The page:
Writer Paul Ford and his wife had twins using a high-tech fertility procedure. Afterward, they were left with two frozen embryos — and, as Elle puts it, “a whole new understanding of the meaning of parenthood.”

“So in one of the surprises of my married life, my wife and I became custodians of about 200 cells that reside in a freezer at a clinic in New York City, not far from Times Square. They were bathed in a special solution and slow-frozen, with care taken to avoid the formation of ice crystals. This is called cryopreservation. They are surrounded by liquid nitrogen. We pay $100 a month, $50 per embryo, to store them. We don’t have pictures of them, but I imagine they look much like the first two. Around a tenth of a millimeter in diameter. Kind of big, actually.”

5. With unpredictable fertility treatments, we risk creating more life than we can afford.

The New York Times’s Ruth Padawer profiled a 45-year-old woman who became pregnant with twins — but could only keep one baby. Reproductive medicine has created a paradox, Padawer writes: “In creating life where none seemed possible, doctors often generate more fetuses than they intend.”

“As Jenny lay on the obstetrician’s examination table, she was grateful that the ultrasound tech had turned off the overhead screen. She didn’t want to see the two shadows floating inside her. Since making her decision, she had tried hard not to think about them, though she could often think of little else. She was 45 and pregnant after six years of fertility bills, ovulation injections, donor eggs and disappointment — and yet here she was, 14 weeks into her pregnancy, choosing to extinguish one of two healthy fetuses, almost as if having half an abortion. As the doctor inserted the needle into Jenny’s abdomen, aiming at one of the fetuses, Jenny tried not to flinch, caught between intense relief and intense guilt. ‘Things would have been different if we were 15 years younger or if we hadn’t had children already or if we were more financially secure,’ she said later.”

6. ‘Baby panic’ may be based on data from Benjamin Franklin’s lifetime.

Atlantic writer Jean Twenge noticed women on Internet message boards, asking for advice like: Should I start scaling back my career? Should I aim to have fewer children? They believed pregnancy wasn’t viable after 35, a claim Twenge investigated. “Fertility does decrease with age,” she found, “but the decline is not steep enough to keep the vast majority of women in their late 30s from having a child.”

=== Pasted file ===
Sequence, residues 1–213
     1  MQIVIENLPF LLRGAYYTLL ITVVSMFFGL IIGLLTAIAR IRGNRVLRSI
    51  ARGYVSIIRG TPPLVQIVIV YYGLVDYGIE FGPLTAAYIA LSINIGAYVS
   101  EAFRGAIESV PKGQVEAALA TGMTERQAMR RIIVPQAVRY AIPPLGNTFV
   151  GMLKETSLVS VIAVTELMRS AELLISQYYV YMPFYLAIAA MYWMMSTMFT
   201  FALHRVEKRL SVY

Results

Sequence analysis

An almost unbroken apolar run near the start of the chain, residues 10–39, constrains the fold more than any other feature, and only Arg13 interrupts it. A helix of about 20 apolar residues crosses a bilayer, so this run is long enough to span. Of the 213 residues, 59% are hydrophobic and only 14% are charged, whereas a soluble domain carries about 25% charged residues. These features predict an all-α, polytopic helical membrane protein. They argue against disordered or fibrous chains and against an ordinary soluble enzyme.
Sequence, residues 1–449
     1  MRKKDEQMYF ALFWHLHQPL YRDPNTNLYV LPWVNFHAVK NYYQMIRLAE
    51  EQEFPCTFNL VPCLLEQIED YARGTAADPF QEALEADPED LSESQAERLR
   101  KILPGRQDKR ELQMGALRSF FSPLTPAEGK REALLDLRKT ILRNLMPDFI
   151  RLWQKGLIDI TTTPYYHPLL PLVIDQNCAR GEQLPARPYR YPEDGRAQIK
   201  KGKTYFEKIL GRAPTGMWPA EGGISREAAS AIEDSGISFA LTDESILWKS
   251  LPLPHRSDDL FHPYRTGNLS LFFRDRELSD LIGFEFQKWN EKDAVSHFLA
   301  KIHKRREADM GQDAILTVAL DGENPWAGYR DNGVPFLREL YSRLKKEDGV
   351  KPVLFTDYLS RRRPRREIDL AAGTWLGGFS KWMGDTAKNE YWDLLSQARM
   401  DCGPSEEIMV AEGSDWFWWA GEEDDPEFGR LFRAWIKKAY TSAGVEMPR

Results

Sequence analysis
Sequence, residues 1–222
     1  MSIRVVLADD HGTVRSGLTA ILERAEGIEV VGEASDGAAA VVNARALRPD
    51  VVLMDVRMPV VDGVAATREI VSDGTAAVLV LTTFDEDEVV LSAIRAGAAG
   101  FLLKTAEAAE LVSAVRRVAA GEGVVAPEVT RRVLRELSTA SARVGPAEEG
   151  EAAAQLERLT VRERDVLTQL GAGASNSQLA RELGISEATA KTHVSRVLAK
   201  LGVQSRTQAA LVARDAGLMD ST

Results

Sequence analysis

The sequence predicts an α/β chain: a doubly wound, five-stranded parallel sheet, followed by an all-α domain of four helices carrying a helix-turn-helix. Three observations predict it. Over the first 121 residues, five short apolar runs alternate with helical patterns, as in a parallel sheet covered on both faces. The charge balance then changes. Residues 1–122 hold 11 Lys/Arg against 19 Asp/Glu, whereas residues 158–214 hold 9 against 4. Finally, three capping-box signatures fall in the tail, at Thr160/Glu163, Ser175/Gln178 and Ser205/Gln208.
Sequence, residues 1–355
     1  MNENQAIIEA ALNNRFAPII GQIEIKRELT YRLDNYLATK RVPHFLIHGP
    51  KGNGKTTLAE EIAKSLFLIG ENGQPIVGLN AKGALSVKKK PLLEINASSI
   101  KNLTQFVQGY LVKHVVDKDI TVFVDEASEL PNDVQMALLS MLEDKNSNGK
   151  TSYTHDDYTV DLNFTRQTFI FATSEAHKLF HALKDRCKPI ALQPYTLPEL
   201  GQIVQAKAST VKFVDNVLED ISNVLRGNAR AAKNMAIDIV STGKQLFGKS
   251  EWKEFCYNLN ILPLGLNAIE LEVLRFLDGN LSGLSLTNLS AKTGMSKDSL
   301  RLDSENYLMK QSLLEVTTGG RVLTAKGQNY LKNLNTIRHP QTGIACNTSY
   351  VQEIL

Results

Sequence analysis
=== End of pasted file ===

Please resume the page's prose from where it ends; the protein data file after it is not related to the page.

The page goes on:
“The widely cited statistic that one in three women ages 35 to 39 will not be pregnant after a year of trying, for instance, is based on an article published in 2004 in the journal Human Reproduction. Rarely mentioned is the source of the data: French birth records from 1670 to 1830 …

Millions of women are being told when to get pregnant based on statistics from a time before electricity, antibiotics, or fertility treatment. Most people assume these numbers are based on large, well-conducted studies of modern women, but they are not. When I mention this to friends and associates, by far the most common reaction is: ‘No … No way. Really?’

Surprisingly few well-designed studies of female age and natural fertility include women born in the 20th century — but those that do tend to paint a more optimistic picture.”

Danielle Paquette is a reporter covering the intersection of people and policy. She’s from Indianapolis and previously worked for the Tampa Bay Times. Follow her on Twitter: @Dpaqreport.
Steven Rich is the database editor for the investigative unit at The Washington Post. While at The Post, he’s worked on investigations involving tax liens, the NSA, veterans issues, cartels and government oversight.